The heroines we’ve met in the first three books, Carina and Aurelia Mitela, are ‘tough gals’; dedicated, strong-willed, physically and mentally resilient and tied into their sense of history and duty. Underlying all this, their driving force is their self-belief. Carina, despite her disrupted childhood and separation from Roma Nova until she was twenty-four, has embraced the Roma Nova values and system wholeheartedly, although, of course, there are gaps that trip her up. Aurelia is a ‘blood-and-bone’ Roma Novan, so completely immersed in the society from birth, but has her own weaknesses.
Neither of these women denies their femininity or personal and sexual needs; they are as emotionally wired as any other person. They fail, fear, experience inadequacy and guilt (and have tempers), but they don’t let any of this diminish them, their motivation or their innate sense of doing the right thing. Aurelia from the outset, and Carina as she becomes more immersed into Roma Nova, are not judged on their gender, nor do they allow themselves to even think that is a criterion for judgement. In Roma Nova, a society that has survived by vigilance and robust resistance to those who would destroy or absorb it, no quarter is given or allowance made for gender, only for behaving or performing as the person you are.
As Carina and Aurelia say, you’re only as good as your last job.
So, that brings us on to the Roma Novan men – Conrad, Apollodorus, Lurio, for instance. All different characters but tough and masculine. I’d like to see anybody talk to Lurio and call him a softie. I’ll hold your coat while you try. Conrad would be more polite – he has better manners, but Apollodrus would have you removed and, er, disposed of if you dared to make that suggestion.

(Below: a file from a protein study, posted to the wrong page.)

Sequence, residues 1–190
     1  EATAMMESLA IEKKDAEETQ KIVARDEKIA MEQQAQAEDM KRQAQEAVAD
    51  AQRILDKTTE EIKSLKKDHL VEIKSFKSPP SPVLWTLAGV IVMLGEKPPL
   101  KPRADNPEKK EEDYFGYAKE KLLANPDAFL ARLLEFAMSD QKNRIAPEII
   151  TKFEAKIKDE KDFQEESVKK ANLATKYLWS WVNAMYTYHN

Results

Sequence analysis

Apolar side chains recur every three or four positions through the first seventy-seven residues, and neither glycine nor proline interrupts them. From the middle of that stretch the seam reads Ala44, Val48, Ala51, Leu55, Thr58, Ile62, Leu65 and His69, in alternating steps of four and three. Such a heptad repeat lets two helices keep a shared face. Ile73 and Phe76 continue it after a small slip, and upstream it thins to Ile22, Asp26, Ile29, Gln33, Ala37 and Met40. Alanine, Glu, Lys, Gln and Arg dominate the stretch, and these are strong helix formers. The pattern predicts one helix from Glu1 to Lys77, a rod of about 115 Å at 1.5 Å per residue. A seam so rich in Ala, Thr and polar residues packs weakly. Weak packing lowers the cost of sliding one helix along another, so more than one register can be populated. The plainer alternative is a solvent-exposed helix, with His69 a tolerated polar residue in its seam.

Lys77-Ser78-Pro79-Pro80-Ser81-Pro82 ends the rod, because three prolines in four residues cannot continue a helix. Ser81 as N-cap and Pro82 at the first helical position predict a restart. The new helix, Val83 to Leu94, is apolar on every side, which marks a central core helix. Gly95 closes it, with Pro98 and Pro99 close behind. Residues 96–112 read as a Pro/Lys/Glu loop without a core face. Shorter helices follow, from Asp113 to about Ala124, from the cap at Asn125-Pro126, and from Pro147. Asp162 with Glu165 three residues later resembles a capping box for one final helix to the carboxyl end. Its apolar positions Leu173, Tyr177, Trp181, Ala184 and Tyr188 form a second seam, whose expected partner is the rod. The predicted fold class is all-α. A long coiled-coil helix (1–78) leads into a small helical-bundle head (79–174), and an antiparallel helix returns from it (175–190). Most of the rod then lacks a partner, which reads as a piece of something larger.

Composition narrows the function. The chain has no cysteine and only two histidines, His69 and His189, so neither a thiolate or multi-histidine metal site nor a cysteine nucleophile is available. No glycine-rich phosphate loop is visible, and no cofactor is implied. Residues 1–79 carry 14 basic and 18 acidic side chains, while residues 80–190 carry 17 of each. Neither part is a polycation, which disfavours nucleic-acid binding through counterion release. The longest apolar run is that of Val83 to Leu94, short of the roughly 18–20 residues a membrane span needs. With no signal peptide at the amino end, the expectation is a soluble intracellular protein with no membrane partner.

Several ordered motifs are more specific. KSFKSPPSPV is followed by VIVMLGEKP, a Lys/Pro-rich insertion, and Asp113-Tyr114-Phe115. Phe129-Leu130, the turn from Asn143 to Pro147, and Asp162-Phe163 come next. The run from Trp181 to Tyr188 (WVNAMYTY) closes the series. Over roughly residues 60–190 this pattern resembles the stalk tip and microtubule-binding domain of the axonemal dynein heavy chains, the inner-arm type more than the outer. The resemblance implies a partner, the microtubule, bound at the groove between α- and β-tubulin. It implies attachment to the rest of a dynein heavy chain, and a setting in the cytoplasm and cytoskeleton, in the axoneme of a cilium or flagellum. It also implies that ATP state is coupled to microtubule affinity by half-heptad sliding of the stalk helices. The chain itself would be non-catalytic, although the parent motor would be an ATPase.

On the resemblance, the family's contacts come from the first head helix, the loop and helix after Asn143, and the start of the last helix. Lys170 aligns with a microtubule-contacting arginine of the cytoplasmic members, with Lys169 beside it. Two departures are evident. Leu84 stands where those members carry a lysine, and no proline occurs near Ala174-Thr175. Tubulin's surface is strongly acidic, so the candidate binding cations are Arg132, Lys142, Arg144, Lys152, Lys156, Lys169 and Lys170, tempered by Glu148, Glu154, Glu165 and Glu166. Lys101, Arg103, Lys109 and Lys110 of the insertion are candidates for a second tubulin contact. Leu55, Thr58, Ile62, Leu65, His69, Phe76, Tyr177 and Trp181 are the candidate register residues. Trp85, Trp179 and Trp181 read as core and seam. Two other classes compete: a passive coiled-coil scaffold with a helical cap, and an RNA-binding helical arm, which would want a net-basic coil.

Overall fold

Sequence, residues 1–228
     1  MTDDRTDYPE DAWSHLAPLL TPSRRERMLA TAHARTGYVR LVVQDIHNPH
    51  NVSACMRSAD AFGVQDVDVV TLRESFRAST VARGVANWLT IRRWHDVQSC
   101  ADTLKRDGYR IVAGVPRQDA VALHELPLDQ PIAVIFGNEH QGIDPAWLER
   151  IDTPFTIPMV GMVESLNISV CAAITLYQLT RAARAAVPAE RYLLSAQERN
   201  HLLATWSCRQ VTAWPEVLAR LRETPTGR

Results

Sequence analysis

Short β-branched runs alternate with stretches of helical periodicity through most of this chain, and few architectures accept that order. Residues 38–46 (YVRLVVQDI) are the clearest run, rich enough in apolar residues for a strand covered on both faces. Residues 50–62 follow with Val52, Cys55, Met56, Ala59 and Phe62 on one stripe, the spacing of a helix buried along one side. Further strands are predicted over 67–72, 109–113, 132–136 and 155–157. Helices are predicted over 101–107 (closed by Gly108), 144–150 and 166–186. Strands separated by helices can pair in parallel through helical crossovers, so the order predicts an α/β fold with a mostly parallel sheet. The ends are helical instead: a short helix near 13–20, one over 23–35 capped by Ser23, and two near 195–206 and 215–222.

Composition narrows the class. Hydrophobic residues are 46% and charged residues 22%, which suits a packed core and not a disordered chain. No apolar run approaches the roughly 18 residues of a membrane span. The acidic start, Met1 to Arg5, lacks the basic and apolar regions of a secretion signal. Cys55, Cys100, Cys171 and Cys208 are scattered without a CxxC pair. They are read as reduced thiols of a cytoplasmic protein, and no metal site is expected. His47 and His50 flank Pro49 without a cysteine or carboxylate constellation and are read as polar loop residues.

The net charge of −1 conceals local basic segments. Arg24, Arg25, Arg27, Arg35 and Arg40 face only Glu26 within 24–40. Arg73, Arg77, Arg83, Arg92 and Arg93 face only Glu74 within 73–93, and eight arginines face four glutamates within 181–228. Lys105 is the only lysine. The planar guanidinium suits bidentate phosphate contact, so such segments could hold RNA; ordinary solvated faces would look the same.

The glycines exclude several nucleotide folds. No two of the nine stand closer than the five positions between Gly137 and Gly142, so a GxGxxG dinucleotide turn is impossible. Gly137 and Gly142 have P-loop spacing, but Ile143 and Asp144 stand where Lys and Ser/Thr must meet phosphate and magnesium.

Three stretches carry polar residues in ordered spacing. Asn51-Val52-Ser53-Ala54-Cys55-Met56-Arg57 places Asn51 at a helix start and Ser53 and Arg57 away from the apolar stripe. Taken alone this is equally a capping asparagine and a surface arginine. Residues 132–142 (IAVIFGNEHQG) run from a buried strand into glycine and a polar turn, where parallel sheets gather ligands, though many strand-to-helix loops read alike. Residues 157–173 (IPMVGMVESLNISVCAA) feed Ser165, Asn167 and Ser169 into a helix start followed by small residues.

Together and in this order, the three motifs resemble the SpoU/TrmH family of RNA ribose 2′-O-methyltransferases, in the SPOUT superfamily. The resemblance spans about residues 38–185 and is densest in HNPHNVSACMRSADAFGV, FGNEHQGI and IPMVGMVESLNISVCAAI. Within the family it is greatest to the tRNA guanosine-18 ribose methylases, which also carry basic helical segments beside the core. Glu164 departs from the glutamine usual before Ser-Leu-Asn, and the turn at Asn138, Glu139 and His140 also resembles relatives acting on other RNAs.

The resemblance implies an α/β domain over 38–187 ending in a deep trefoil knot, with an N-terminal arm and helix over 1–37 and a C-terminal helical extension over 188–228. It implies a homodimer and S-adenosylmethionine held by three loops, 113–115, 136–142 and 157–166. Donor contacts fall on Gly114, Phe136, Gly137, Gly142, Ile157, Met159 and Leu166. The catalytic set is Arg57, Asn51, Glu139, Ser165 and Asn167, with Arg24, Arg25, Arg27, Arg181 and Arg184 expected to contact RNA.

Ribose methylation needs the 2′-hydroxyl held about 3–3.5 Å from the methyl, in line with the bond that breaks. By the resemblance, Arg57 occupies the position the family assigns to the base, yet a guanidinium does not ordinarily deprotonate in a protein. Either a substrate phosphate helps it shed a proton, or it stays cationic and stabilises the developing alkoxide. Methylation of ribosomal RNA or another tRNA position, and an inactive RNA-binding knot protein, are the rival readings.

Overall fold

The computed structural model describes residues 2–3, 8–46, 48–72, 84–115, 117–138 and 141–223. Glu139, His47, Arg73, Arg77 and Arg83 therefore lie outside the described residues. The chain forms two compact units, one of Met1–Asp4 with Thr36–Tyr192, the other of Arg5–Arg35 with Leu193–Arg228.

However, the crucial note of this alternative society is that there is no right of men’s automatic superiority. As they were steadfast pagans, worshipping the traditional Roman goddesses and gods, there was no incursion of paternalistic monotheistic religions. In the early history of the Colonia Apuliensis Roma Nova, women had to fight alongside men to protect the colonia in the fraught period of the late fourth and early fifth centuries. And of course, founder Apulius had four strong daughters born and bred by a Celt from Noricum where women managed property, took decisions in the political process and when necessary hefted a blade.
Back to the men… In Roma Nova, there is little of the gender pressure on male children and youngsters as they grow up such as the ‘big boys don’t cry’ and the ‘man up’ culture. Naturally enough, there is sibling and peer rivalry; testosterone flows in Roma Nova as anywhere else. However, men are expected to act and live as any other Roma Novan, as selfish or achieving as anybody else. But there is no pressure to behave in line with a constructed gender pattern. This frees up men from the pressure of conditioned norms expected in many societies.
Conrad is tough, clever, resourceful and a bit cocky, to be honest. Serving in the Praetorian Guard Special Forces is ideal for him as it provides structure and a place to demonstrate his decisiveness and moral strength. He expects the soldiers under his command to obey not based on any gender considerations but on his authority in the military context. Ditto Lurio, but in a more relaxed, if brash, way. Apollodorus commands through fear, but has a weakness as far as Carina is concerned, as we find out in PERFIDITAS.
Naturally enough, this ‘egalitarian–plus’ type of society can lead to conflict, both inside and outside Roma Nova, which is a gift for any novelist. History, especially that of a male-driven society such as ancient Rome, doesn’t stay silent as Aurelia, the lead in the fourth book of the series set in the late 1960s, finds out in this and the following two books in the series.
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